Until USPS becomes a real dot-com instead of a de facto dot-gov hobbled by 1940's era unions and Ponzi scheme benefits and pensions no new head will be able to right the ship. Nobody can fix a workplace where nobody can be fired, trust me on this one.

Posted by: Zontag | December 8, 2010 8:36 AM | Report abuse

In many small communities both UPS and FedEx deliver non-overnight packages to the local post office for delivery to residential addresses. The post office is still a bargain. The lowest rate for residential delivery of a letter by UPS to my family 600 miles away is about $17. Post Office does it for 44 cents. And the CEO of UPS has stated he has no interest it taking over mail delivery.

Posted by: billj1 | December 8, 2010 8:55 AM | Report abuse

I paid thousands to my congressman to keep our post office off the closing list.

Posted by: blasmaic | December 8, 2010 10:20 AM | Report abuse

We have had problems with mis-delivered mail. One carrier dropped the mail for our cul-de-sac in our mail box for a week. When I complained, suddenly we got no mail at all. I called the postoffice after a couple of days I was told that our mailbox had an active wasps nest. It didn't. I asked why we weren't notified, I was told "oh, we don't do that the customer has to call us".

With this level of customer service, the post office is doomed. They are lazy, overpaid amd have no incentive to be anything else. Get rid of the damned union and make these slackers have to actually do a decent job to collect a paycheck.

Posted by: treadlefish | December 8, 2010 11:14 AM | Report abuse

The new PM sounds good but there is one big problem. As long as congress has their hands in the USPS business nothing will ever happen. Your either a private business or a federal service but you can't be both and until cogress realizes this the PO will continue to lose billions of dollars. Also, the PO has been to slow in consoladating post offices, distict offices and area offices.

Posted by: jimbo60090 | December 8, 2010 1:01 PM | Report abuse

the union and management have worked together to adjust and readjust my route to current mail volume.this process leaves little time for anything but casing and delivering the daily mail.while there may be a few exceptions,most carriers take pride in the jobs they do.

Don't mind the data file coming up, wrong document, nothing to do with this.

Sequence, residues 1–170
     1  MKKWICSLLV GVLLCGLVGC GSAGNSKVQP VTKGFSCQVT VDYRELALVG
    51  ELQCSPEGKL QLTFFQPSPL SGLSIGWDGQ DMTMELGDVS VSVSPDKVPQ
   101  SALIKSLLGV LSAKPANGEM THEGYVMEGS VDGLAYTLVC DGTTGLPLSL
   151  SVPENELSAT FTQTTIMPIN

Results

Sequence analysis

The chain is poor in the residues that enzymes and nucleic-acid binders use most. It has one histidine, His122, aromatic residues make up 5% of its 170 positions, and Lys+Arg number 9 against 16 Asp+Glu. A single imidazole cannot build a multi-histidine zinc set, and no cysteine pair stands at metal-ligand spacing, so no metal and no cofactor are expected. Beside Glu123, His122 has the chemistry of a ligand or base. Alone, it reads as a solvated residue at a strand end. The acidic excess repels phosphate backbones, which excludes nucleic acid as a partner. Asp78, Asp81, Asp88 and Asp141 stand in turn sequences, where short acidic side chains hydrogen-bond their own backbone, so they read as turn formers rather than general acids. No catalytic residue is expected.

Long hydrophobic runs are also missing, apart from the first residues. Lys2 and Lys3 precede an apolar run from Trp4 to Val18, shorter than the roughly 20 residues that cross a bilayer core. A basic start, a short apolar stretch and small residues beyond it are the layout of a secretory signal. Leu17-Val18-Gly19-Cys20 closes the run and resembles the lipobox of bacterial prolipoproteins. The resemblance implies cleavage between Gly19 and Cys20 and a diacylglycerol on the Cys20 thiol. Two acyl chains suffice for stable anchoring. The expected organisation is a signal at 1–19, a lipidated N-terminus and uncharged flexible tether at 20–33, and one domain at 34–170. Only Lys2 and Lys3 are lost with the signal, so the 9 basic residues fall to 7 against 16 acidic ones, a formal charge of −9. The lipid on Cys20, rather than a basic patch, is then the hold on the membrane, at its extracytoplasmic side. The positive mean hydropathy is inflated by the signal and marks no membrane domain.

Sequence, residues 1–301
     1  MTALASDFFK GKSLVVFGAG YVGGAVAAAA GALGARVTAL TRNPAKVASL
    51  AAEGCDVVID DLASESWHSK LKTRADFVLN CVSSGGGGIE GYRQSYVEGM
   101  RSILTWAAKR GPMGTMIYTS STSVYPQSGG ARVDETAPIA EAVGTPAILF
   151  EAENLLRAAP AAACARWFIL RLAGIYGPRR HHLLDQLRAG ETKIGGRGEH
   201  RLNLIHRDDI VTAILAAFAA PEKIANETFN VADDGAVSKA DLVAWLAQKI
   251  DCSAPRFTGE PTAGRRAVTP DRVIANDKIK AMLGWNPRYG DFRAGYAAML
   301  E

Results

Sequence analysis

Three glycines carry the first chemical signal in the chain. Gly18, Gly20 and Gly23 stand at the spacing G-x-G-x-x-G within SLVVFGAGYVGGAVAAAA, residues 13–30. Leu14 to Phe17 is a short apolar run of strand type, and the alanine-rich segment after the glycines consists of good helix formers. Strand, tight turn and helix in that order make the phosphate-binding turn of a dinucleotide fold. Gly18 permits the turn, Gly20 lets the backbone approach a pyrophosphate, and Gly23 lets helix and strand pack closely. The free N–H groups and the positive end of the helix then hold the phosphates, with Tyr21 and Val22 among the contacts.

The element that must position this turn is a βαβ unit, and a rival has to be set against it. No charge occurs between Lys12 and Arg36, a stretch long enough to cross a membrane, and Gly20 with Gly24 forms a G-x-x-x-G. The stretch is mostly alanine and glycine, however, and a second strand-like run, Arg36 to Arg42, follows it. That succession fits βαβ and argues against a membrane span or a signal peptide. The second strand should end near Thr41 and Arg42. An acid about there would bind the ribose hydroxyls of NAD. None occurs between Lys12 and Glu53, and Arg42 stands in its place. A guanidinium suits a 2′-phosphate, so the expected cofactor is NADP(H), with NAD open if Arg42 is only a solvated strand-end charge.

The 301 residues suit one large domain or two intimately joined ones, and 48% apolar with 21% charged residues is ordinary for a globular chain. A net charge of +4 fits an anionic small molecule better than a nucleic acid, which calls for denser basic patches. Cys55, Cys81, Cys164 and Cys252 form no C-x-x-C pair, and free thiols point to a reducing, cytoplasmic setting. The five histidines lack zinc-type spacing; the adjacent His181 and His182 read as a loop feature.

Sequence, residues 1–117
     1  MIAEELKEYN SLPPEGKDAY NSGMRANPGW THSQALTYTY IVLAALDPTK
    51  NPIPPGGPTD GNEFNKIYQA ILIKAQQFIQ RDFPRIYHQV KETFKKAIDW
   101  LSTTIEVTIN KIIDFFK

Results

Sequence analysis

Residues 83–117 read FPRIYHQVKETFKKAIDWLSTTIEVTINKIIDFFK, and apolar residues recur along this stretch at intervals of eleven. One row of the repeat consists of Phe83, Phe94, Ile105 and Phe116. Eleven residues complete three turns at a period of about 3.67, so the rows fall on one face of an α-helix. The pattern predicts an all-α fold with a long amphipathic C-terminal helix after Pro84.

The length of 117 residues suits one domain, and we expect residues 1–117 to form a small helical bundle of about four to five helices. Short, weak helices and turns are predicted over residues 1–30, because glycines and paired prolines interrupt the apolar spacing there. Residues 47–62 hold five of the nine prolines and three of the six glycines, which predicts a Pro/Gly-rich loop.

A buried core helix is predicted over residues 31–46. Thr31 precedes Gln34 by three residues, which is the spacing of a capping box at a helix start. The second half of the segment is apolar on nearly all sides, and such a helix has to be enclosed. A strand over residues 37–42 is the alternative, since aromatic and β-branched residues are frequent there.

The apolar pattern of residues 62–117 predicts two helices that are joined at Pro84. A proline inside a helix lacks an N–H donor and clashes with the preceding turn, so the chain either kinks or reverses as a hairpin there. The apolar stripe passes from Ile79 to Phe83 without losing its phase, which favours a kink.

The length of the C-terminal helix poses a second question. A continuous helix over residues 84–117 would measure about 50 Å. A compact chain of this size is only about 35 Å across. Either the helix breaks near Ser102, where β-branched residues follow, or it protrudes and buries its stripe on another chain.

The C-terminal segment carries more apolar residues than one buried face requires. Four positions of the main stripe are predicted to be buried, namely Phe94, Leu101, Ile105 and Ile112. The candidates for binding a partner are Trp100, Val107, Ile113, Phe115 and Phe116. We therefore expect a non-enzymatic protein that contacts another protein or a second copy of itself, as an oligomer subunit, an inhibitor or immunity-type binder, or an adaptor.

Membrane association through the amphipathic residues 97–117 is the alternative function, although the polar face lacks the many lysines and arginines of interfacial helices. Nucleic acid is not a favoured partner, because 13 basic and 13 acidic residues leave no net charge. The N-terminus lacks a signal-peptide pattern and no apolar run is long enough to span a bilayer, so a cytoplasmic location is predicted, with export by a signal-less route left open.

Posted by: seniorcarrier | December 8, 2010 8:43 PM | Report abuse


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it's very good!


Posted by: itkonlyyou414 | December 8, 2010 9:19 PM | Report abuse

To the new PG you hear of all these savings and cuts yet you hear nothing of a cuts in management. The USPS is MANAGEMENT OVERLOADED and until someone is held accountable they will continue to suck this company Dry.

Posted by: leafriverrat60 | December 9, 2010 3:24 PM | Report abuse

The biggest hurdle the Post Office faces is itself. It continues to make ridiculous expensive decisions to cut expenses. Its decision to cut back on working staff is countered by management taking over the work. Now it costs more to get the same job done. The Automated Postal Centers designed to reduce window personnel are a gateway to lost revenue, as customers almost always choose the lowest rate, regardless of whether or not it's the right rate. Consumer generated postage (online) let's people apply postage which is not verifiable by Postal employees, and short pay their postage every time they ship.
The Postal Service has known about declining mail volume for years, yet it's spending millions, if not billions on automated mail sorting equipment. If the PMG wants a larger part of the parcel market, why is it implementing flat sorting machines the size of football fields?
The last Postal Reformation Act under G.W. Bush and PMG Potter allows people without ANY experience in Shipping/Postal Operations to sit on the Board of Governors. Talk about stupid... Let's get a bunch of plumbers to fix the hole in the roof!

The Bureaucracy that runs the Postal Service needs to be thinned out, if not completely overhauled. Once this is done, the USPS might be able to afford to keep some of the last of the middle class employed, by making intelligent decisions that directly effect it's profitability.

Posted by: MrMcfly | December 10, 2010 7:43 PM | Report abuse